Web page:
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Here's how to stick to your 2019 New Year's resolution

Posted: 10:45 AM, Jan 01, 2019
Updated: 2019-01-01 12:45:28-05

Sticking to New Year's resolutions requires motivation, action and continued dedication. Unfortunately, your own brain may be hindering your success.

University of Colorado at Boulder Psychology and Neuroscience Professor Randy O'Reilly said it starts the moment you set a goal.

"The brain has these two different modes: before you start something and then once you’ve started. You’re really cautious and conservative before you start something because once you do get started, you’re going to get invested in it and you’re going to be disappointed, if you don't finish it," he said.

This biological method of conserving energy can affect your motivation to try anything new. That's why New Year's resolutions can be a useful way to kickstart your goals.

"You say, 'I'm starting fresh,' and that gets you over that threshold," O'Reilly said.

But the problem with most resolutions isn't starting them, it's sustaining them past a few weeks. Professor O'Reilly says this is where the neurotransmitter dopamine plays a key role.

"We think of dopamine as the pleasure drug but it’s actually something that is relative to your expectations. You only get dopamine when something happens different than what you expect," he explained.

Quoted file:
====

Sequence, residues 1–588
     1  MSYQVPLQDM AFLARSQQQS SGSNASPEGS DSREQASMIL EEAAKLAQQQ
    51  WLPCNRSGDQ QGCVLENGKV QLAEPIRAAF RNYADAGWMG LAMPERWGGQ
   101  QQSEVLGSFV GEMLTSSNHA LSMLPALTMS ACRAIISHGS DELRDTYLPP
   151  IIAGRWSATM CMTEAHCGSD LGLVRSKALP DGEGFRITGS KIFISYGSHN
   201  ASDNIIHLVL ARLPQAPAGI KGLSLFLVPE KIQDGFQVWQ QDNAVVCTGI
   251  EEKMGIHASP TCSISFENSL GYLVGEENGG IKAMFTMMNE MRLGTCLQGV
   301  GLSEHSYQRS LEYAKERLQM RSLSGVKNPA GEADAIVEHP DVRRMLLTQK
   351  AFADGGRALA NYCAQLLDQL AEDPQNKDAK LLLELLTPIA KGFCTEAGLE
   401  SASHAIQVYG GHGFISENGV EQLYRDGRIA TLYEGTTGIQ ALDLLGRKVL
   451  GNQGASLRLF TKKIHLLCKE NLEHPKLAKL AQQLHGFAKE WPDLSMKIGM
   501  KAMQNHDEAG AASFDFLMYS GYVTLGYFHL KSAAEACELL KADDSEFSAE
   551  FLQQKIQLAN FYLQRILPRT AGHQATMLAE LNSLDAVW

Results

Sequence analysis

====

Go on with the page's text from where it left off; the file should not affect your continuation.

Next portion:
When you start out on your new year's resolution, dopamine is in high supply and making you feel good. But eventually, as most of us have experienced, the new feeling wears off.

Professor O'Reilly says one way to overcome this is by setting smaller goals. Rather than focusing only on the big picture, setting incremental goals can help trigger the dopamine effect every time you reach a new benchmark. It's also helpful to focus on the other benefits of your new habit. For example, if you weigh yourself and the number on the scale hasn't moved, try to think about how your new diet and exercise plan is making you feel healthier, or sleep better.

Another time tested way to increase motivation is through rewards, or perhaps even better, punishment.

"The threat of a negative is really strong," said O'Reilly, but he added that it's best if you can turn the threat of punishment into some kind of positive benefit.

There are several apps that take advantage of this phenomenon using a monetary incentive. You put up some amount of money as a "bet" on yourself. If you don't reach your goal, you lose that money. If you are successful, you keep your cash, and you might even win more money. Apps like Healthy Wage, Stickk and 21habit allow you to set a variety of measurable goals like weight loss, saving money, or quitting smoking.

Once you have these tools in place, don't expect major changes to come easy. Professor O'Reilly says there are factors about our personalities that are hardwired.

"These synapses get formed and shaped and it’s really hard to change," he said. "Statistically people have a very hard time changing those basic temperamental factors about themselves."

But don't give up hope on the first day of 2019.

"Try to find something that’s kind of in the zone, that's manageable," said O'Reilly. "There are certain things that everyone can do that are generally beneficial that don’t require, you know, the "new you."